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Lowpines – “In Silver Haildes” Review

Music to mumble too in shuffle fashion
Lowpines
Lowpines

Lowpines, the musical name for Brit Oli Deakin, is a soft hushed rock affair. It’s a bit lazy to pop in comparisons to Iron and Wine, Bon Iver but with some of the more technical wizardry of C Duncan thrown in too but it is a good way to base your ears for the eargasm you’ll get.

Oli’s voice is made for that soft, layered vocal approach where things are slowly built upon to march towards something rather than shout and scream about it. “We Come Right” is a brooding opener that circulates a few chords and slowly unwinds itself letting the exquisite “Broken Wing” allow Oli to shine through. The addition of flute throughout the album gives the album a natural warmth and when paired with the layered vocals, shimmering synths that mirror a string arrangement and subtle guitar effects – it sounds like a beautiful sunrise in a 1960’s psychedelic acoustic rock album. It’s the layering and clever trickery that I love though – because different sounds pop in and out over time drawing your attention to little details. It’s a true audio craft.

It’s this fun that makes generally mysterious and sad songs have that extra layer. “Come On Choas” sounds like you’re in a medieval cave but a glass room at the same time. Its interplay in reverb and looping is what makes the track really stand out whilst the mellotron styled synths make “Parasite” feel so empty and wistful you want to sway and hug the nearest person. “Chambers in the Canopy” is a lush acoustic folk rock track that doesn’t hide behind tech wizard stuff and just goes for melting your heart instead. It’s piano, guitar, drum and synths all merge together playing arpeggio’s perfectly in time to create a wheel of patterns that are sumptuous to listen to. An audio cloud if you will.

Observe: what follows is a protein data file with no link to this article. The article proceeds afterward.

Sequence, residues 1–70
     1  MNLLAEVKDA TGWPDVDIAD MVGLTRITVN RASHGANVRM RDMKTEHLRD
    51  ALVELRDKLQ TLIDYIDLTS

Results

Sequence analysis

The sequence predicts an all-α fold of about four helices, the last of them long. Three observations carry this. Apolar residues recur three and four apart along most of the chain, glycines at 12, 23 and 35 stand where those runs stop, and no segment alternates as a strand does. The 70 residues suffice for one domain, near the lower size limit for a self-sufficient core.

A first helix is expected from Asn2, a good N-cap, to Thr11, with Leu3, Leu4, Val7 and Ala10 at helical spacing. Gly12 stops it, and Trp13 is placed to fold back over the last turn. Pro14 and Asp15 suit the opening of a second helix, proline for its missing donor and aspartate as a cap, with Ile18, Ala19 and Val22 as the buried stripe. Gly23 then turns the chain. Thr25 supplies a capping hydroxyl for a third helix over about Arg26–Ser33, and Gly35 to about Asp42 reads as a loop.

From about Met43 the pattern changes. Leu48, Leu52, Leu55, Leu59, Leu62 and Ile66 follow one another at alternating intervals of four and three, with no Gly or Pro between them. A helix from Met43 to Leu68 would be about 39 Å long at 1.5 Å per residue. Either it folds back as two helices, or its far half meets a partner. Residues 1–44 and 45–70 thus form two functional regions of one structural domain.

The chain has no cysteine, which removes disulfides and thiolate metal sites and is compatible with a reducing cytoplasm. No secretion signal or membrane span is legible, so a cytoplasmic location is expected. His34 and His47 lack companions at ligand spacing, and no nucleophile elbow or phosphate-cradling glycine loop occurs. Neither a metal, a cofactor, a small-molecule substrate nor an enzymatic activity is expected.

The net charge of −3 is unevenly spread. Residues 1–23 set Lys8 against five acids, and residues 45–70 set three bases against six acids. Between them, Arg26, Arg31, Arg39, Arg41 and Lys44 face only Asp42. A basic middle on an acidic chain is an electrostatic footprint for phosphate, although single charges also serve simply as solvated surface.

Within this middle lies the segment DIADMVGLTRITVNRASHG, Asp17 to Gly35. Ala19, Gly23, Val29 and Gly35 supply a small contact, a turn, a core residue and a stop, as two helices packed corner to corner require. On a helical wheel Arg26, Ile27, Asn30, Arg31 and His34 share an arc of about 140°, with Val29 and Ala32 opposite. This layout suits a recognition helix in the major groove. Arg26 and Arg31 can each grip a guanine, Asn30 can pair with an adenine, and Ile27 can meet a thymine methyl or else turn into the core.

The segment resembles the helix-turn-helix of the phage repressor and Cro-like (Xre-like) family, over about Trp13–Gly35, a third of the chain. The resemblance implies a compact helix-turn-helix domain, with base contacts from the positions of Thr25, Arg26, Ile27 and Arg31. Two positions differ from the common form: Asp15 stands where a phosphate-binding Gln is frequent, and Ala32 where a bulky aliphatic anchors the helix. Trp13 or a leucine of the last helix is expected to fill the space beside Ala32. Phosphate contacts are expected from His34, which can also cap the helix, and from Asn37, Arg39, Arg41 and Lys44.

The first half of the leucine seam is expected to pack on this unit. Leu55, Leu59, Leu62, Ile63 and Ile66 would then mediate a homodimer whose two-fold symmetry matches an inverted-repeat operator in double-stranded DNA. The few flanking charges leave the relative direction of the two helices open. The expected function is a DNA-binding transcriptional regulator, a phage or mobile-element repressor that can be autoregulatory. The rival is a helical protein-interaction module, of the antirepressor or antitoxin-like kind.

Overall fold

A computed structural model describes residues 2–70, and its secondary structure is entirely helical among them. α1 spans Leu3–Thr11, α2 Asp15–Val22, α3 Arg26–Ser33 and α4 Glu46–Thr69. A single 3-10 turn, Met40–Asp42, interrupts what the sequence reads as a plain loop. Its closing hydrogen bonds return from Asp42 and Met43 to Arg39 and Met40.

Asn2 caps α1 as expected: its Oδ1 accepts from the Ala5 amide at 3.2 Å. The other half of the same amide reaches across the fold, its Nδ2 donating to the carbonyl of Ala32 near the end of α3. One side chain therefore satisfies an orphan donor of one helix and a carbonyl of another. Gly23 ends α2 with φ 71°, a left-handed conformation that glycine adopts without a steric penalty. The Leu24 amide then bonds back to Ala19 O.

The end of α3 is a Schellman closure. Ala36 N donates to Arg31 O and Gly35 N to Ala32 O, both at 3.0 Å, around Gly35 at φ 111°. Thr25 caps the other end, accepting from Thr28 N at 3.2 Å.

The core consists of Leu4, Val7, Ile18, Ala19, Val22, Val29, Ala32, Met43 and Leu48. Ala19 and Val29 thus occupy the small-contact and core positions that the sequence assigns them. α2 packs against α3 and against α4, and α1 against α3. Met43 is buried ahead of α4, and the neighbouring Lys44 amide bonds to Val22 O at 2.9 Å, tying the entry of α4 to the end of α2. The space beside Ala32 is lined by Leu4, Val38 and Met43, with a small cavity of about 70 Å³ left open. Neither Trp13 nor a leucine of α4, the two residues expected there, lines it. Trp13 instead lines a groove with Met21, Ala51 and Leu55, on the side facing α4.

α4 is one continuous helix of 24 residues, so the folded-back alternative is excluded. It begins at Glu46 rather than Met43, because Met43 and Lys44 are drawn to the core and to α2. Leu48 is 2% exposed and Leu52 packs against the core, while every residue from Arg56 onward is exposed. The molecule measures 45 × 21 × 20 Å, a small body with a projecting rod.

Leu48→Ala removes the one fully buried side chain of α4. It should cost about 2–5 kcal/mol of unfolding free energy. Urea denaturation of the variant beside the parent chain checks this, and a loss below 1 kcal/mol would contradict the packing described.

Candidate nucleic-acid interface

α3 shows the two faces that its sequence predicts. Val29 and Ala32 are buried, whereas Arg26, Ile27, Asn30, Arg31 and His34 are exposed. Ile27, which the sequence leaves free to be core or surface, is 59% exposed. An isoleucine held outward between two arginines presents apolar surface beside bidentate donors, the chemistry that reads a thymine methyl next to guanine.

Sucking all the bass out of the mix, “Gold Leaf and Amithyst” is a mysterious and creepy tone as the layers of voices feel like ghosts calling, whilst the strings have no bass to compliment them so they feel angelic but also a little thin and therefore not comforting. Warm is exactly what I would call the country-tinged folk ballad “Connecting the Fireflies” that has an unusual time step in its waltz. “Miracle Child” and then “Perfect Silence” actually push the album to something tonally a little more uplifting. The latter track, in particular, is probably the rockiest the album gets as the drums and guitars get to breathe and take centre stage. They are both mini-anthems for the mumblers and we need those.

Lowpines has created a wonderful album here that will appeal to many who enjoy light rock, acoustic rock and music that gets creative with effects and captures your ears in a variety of ways. Superb – I’ll be diving into the back catalogue.

Recommended Track: Broken Wing

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